While the surrogate and genetically manipulated H5 viruses were able to induce protective immunity in mice following intranasal vaccination, so did an H3N1 virus, HK836. This apparently enigmatic finding is consistent with the cross-protection afforded by NA-specific antibodies (1, 11, 14, 18), the N1 of H5N1 and H3N1 being closely related (unpublished data). Also, the sera of chickens experimentally infected with HK836 showed slight inhibition of hemagglutination activity by the human HK156 virus (unpublished data), possibly due to steric hindrance by anti-NA antibodies. It may also be possible that secretory IgA antibodies neutralized virus infectivity in the infected epithelial cells by interfering with a function of the newly synthesized viral proteins, including internal proteins (13). Since intact virus vaccine was used in this study, nasal secretory IgA antibodies to internal viral proteins should be induced in intranasally vaccinated mice. This may be an advantage of intranasal vaccination with an inactivated intact virus vaccine.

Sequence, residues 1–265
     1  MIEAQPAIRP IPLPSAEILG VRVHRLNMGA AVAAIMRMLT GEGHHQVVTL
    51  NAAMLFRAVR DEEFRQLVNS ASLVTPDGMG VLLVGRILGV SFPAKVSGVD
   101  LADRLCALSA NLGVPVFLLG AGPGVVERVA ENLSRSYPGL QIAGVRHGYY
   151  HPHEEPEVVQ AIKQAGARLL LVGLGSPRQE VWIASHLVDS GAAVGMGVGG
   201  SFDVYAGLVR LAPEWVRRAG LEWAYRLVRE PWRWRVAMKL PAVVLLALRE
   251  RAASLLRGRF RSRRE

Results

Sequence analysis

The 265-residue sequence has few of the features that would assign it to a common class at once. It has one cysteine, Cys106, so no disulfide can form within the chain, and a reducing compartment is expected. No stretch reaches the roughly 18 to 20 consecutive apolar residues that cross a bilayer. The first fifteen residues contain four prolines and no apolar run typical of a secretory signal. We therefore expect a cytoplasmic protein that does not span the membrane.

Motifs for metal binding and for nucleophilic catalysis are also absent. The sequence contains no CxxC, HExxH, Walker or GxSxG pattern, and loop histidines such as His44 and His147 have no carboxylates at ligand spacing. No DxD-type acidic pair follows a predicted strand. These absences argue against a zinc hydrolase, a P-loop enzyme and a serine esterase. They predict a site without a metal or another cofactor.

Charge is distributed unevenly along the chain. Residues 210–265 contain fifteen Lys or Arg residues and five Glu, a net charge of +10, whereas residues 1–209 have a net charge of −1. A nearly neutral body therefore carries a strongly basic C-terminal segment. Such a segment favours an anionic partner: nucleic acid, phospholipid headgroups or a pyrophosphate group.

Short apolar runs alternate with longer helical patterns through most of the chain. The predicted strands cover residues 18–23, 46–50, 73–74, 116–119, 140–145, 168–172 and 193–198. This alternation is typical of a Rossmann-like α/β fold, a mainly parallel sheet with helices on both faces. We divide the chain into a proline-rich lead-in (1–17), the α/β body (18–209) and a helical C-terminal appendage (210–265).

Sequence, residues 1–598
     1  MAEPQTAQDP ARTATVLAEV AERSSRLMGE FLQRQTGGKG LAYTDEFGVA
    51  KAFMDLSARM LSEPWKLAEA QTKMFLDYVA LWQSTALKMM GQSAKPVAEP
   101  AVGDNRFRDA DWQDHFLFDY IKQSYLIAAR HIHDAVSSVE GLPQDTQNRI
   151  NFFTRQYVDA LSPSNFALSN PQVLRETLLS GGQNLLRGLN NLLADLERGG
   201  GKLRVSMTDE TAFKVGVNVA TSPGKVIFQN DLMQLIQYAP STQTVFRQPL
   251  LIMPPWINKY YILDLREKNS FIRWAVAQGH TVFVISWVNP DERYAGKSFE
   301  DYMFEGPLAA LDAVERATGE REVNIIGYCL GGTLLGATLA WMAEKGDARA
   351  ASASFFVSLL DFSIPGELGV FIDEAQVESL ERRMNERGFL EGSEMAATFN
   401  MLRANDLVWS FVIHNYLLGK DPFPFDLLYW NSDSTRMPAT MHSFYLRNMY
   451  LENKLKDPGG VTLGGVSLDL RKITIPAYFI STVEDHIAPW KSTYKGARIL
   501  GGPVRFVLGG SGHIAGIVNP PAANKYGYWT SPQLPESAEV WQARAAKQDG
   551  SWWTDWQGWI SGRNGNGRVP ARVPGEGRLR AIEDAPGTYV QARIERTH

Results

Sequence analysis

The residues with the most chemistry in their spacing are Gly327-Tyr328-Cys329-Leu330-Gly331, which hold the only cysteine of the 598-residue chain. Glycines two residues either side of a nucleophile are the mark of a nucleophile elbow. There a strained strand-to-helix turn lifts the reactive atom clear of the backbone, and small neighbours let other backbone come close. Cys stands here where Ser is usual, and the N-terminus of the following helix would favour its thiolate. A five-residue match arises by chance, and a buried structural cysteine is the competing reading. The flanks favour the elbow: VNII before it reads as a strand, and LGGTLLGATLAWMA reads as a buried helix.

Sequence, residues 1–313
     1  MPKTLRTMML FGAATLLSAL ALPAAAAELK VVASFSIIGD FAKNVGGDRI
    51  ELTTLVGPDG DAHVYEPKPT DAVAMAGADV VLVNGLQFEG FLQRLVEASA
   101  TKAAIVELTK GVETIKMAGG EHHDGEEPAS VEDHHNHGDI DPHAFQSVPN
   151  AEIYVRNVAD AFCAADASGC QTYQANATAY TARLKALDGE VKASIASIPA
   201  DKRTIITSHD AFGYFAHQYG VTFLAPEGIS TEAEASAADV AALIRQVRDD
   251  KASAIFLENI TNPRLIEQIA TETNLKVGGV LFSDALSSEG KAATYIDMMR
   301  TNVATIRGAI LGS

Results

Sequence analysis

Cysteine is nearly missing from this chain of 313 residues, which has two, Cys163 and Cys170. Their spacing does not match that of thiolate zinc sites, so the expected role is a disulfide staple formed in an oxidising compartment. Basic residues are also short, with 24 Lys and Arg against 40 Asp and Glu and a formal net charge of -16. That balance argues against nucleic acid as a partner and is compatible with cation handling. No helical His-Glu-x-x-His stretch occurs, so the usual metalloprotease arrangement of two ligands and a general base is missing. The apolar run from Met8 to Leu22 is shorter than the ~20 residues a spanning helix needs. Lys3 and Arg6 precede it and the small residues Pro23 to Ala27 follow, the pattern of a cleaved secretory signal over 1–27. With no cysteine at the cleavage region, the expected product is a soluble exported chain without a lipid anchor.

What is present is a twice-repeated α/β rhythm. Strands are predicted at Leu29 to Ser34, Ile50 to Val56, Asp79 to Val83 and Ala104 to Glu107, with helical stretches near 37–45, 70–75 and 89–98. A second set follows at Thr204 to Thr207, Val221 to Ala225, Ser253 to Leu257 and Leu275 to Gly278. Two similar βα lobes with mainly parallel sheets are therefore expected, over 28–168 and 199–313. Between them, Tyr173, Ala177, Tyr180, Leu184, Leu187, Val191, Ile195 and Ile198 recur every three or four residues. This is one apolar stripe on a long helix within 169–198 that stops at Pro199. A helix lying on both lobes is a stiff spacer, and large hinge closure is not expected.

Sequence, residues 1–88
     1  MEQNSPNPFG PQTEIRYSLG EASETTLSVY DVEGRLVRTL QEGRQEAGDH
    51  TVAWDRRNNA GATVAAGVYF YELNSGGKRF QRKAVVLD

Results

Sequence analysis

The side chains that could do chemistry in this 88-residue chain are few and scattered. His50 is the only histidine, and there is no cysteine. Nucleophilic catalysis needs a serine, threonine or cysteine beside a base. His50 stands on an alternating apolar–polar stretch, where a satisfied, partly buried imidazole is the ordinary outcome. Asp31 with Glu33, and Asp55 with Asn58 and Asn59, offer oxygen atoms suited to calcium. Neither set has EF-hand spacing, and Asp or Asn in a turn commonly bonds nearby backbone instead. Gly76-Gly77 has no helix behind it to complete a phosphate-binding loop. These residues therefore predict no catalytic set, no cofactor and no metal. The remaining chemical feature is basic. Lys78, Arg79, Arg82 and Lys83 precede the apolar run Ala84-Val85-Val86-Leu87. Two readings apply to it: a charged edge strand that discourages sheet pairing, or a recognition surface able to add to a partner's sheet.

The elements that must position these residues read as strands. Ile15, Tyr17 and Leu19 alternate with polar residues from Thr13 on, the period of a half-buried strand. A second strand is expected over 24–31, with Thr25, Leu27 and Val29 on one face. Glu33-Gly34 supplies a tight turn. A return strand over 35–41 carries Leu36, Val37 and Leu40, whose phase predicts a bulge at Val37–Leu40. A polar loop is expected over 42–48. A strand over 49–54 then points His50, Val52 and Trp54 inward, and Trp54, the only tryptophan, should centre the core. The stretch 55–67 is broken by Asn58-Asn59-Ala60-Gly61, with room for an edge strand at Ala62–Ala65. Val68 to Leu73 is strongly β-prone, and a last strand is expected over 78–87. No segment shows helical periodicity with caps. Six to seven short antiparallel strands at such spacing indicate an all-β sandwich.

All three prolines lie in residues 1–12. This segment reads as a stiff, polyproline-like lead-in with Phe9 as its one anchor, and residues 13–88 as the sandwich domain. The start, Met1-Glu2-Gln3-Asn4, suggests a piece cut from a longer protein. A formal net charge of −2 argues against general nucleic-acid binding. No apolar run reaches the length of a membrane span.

It has been hypothesized that avian influenza viruses of any HA subtype have the potential to contribute the genes for possible future pandemic strains in humans (7, 25, 28). This underlies the importance of global surveillance to isolate avian and animal influenza viruses as genetic resources for vaccine strain candidates and helps to facilitate prediction of the HA subtype of future pandemic influenza virus strains.


This study was supported in part by grants-in-aid for scientific research from the Ministry of Education, Science, Culture, and Sports and the Ministry of Health and Welfare, Japan.